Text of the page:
By Erica Irish
INDIANAPOLIS —Debate around the House of Representatives’ plan to raise teacher salaries continued Thursday, spurred on by multiple amendments from Democrats.
Rep. Tonya Pfaff, D-Terre Haute, who has taught high school math for 25 years, suggested House Bill 1003 offered a solid framework to school districts as lawmakers determine how to spend more dollars on teachers.
Rep. Tonya Pfaff, D-Terre Haute, explaining her amendment that would track all school spending across Indiana no matter the institution. Photo by Andrew Longstreth, TheStatehouseFile.com
The bill requires schools to report an anticipated budget each year detailing how much the school plans to transfer from its education fund, which covers classroom instruction, to its operation fund. State tuition support powers the education fund, while local property taxes support the operation fund.that
HB 1003 further asks school corporations to make “every reasonable effort” to ensure no more than 15 percent of revenue in the education fund is transferred to the operations fund. By preserving a larger education fund, legislators hope they will encourage school corporations to allocate more funding to teacher pay.
But Pfaff also told lawmakers to reconsider the timeframe for the changes. She noted that the state’s two-part school funding process through education and operation funds is new to schools, noting the standard became effective on Jan. 1. Before Jan. 1, schools had one single general fund to cover district expenses.
With only five weeks of data from which lawmakers can hold schools accountable, Pfaff offered an amendment to require all schools, including charter and virtual charter schools, to establish and report on their operations and education funds.
“I’m held responsible for every grade I give,” Pfaff said. “This bill is about school accountability. All schools should be held responsible for the tax dollars that we are appropriating out.”
But Rep. Todd Huston, R-Fishers, opposed the amendment. While questioning Pfaff, he said her amendment is not relevant because charter and virtual charter schools don’t receive local property taxes to fund operational budgets. In other words, there would be nothing for the state to track beyond state-provided tuition support.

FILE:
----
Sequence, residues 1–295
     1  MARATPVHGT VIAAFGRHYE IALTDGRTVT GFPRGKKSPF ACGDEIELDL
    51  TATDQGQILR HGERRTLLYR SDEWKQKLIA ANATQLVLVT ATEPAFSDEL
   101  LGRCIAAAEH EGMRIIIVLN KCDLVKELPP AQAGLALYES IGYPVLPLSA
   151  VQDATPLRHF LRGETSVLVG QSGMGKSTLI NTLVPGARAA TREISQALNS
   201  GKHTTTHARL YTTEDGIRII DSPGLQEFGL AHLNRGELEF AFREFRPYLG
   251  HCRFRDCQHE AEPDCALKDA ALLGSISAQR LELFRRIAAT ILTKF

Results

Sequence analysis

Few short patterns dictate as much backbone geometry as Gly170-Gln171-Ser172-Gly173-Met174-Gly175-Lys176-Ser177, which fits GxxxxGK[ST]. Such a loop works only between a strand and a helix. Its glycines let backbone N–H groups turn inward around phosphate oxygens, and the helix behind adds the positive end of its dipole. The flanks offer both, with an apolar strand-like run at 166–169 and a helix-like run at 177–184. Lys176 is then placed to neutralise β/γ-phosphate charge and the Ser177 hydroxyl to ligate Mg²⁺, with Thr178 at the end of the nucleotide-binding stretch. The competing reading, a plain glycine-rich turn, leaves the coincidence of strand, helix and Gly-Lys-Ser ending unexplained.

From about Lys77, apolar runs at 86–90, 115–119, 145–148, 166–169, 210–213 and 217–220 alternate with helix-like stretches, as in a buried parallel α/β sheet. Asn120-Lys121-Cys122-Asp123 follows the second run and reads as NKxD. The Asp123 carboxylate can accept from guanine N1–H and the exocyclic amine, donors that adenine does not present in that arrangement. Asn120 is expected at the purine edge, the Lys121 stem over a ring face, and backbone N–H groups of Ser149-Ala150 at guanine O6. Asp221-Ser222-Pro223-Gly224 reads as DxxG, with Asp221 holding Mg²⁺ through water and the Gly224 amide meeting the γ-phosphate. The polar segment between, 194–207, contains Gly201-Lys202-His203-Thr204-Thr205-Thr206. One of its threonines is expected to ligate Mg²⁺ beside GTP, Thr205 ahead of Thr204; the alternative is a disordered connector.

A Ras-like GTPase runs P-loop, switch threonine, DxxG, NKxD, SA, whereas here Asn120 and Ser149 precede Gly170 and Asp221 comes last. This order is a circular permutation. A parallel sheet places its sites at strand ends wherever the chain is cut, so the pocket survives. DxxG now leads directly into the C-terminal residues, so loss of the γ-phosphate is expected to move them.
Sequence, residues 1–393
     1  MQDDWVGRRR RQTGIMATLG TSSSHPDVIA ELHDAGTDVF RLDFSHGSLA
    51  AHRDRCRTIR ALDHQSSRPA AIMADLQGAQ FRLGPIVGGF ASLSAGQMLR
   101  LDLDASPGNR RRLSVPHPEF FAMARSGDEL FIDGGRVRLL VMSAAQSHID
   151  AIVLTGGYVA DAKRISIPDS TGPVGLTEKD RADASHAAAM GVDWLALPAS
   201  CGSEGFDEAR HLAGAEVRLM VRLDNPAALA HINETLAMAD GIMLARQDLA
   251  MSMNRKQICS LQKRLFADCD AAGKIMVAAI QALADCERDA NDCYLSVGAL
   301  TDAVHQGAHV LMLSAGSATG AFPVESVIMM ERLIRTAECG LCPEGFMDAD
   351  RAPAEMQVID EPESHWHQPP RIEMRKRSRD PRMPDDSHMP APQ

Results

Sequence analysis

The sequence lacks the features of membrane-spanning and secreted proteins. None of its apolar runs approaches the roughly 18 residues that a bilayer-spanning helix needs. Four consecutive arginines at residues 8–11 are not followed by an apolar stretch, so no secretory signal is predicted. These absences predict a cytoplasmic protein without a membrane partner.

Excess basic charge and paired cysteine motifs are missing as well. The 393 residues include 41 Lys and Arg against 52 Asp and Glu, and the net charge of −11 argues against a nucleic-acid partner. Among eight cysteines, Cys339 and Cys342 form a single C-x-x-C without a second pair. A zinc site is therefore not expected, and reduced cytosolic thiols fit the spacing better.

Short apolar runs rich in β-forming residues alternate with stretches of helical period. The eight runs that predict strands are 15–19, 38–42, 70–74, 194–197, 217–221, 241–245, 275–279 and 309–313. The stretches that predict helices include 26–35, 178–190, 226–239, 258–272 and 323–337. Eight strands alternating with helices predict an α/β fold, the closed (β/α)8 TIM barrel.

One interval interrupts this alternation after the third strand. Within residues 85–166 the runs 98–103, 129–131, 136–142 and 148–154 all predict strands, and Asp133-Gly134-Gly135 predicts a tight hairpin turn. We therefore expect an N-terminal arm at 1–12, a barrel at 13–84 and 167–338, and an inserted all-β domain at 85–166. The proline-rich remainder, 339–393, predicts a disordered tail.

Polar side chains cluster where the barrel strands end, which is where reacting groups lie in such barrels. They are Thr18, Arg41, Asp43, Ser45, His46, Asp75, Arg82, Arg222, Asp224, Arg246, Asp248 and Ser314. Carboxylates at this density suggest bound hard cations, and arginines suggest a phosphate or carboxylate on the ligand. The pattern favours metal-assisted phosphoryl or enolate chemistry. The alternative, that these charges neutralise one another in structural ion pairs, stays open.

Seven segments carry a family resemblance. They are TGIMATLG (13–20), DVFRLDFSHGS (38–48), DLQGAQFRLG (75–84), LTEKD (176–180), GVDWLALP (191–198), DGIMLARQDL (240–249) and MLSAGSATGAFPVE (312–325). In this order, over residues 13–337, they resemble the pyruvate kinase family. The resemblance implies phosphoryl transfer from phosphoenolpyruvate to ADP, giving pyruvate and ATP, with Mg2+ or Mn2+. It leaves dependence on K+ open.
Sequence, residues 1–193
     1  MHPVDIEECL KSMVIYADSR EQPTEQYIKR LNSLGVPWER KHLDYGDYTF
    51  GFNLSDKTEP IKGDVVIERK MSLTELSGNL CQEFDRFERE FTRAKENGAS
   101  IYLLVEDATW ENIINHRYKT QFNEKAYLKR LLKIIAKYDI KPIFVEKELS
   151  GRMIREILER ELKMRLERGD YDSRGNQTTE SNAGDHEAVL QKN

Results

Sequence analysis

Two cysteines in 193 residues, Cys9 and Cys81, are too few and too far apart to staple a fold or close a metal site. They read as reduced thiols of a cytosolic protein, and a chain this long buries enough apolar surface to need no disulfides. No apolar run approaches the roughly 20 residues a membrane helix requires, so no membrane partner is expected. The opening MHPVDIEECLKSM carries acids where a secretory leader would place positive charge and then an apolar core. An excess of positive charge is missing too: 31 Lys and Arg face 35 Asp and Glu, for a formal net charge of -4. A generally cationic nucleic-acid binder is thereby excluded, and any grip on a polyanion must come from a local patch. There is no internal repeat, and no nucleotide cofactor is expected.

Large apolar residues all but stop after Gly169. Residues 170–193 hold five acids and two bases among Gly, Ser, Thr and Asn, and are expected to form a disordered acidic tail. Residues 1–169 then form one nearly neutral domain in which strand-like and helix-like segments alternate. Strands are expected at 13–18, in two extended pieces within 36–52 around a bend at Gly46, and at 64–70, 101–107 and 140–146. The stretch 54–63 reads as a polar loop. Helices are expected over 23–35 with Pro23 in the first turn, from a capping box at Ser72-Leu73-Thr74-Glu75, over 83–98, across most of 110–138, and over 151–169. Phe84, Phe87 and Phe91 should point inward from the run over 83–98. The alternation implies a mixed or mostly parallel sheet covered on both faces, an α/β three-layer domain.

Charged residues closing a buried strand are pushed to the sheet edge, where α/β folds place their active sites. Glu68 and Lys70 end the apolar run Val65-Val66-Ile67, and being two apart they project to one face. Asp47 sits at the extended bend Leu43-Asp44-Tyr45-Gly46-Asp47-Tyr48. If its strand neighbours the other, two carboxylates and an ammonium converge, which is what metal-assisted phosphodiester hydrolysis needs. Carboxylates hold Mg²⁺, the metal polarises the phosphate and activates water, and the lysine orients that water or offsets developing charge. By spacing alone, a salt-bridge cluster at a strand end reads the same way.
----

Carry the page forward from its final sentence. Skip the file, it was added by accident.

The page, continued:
Rep. Todd Huston, R-Fishers, urging members of the House to vote no on new amendments to House Bill 1003. Photo By Andrew Longstreth, TheStatehouseFile.com
“We will continue to make the proper and necessary adjustments,” Huston said. “We’ve worked hard to make sure we create a target at a reasonable level of reporting.”
Pfaff’s amendment failed, 31-64.
Rep. Ed DeLaney, D-Indianapolis, followed with an amendment of his own. One would have introduced an incentive program for school districts.
Should a school district agree to set a minimum teacher salary at $40,000, the state would provide that district with $100 per enrolled student in compensation. Lawmakers voted down the incentive program 31-62.
In a media availability following the House session, House Speaker Brian Bosma, R-Indianapolis, said conversations continue as to how lawmakers can use other methods to provide additional aid to schools.
“I’ve said from the start that our team is looking hard to be sure we can get as much responsibly in the hands of our schools that we can,” Bosma said. “It’s going to be something more than the basic 2 percent.”
Bosma also praised Gov. Eric Holcomb’s plan to use $150 million of the state’s surplus fund to pay off teacher pension liability. Holcomb introduced the plan in his 2019 State of the State address.
“That’s a one-time use of $150 million that leverages at least $70 million expenditure cuts to local schools,” he said. “That’s one of the smartest one-time uses of money I’ve seen in my years working with the budget team.”
HB 1003 again will be open for discussion on Monday.
Erica Irish is a reporter for TheStatehouseFile.com, a news website powered by Franklin College journalism students.